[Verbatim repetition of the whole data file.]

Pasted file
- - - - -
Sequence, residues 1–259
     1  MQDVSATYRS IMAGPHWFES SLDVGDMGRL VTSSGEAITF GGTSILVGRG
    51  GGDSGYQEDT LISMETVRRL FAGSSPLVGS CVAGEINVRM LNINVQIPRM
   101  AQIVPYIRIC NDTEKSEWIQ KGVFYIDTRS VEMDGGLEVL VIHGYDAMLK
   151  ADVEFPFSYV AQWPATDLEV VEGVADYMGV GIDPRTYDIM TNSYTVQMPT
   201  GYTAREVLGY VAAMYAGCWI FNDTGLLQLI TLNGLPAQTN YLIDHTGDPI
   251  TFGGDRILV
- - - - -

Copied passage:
Sequence, residues 1–259
     1  MQDVSATYRS IMAGPHWFES SLDVGDMGRL VTSSGEAITF GGTSILVGRG
    51  GGDSGYQEDT LISMETVRRL FAGSSPLVGS CVAGEINVRM LNINVQIPRM
   101  AQIVPYIRIC NDTEKSEWIQ KGVFYIDTRS VEMDGGLEVL VIHGYDAMLK
   151  ADVEFPFSYV AQWPATDLEV VEGVADYMGV GIDPRTYDIM TNSYTVQMPT
   201  GYTAREVLGY VAAMYAGCWI FNDTGLLQLI TLNGLPAQTN YLIDHTGDPI
   251  TFGGDRILV